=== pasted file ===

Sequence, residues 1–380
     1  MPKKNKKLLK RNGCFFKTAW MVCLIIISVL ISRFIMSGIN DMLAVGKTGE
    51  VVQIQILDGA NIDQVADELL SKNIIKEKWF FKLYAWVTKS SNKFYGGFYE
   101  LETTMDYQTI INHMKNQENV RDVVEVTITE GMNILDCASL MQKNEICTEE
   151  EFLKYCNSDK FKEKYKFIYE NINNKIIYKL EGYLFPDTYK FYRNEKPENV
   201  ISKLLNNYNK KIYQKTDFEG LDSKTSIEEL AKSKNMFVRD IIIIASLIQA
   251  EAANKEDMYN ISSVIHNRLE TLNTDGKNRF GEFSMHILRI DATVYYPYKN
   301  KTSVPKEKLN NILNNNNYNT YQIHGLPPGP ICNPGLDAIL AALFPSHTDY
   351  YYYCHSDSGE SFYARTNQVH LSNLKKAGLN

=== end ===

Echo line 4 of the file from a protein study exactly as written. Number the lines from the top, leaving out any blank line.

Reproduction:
   101  LETTMDYQTI INHMKNQENV RDVVEVTITE GMNILDCASL MQKNEICTEE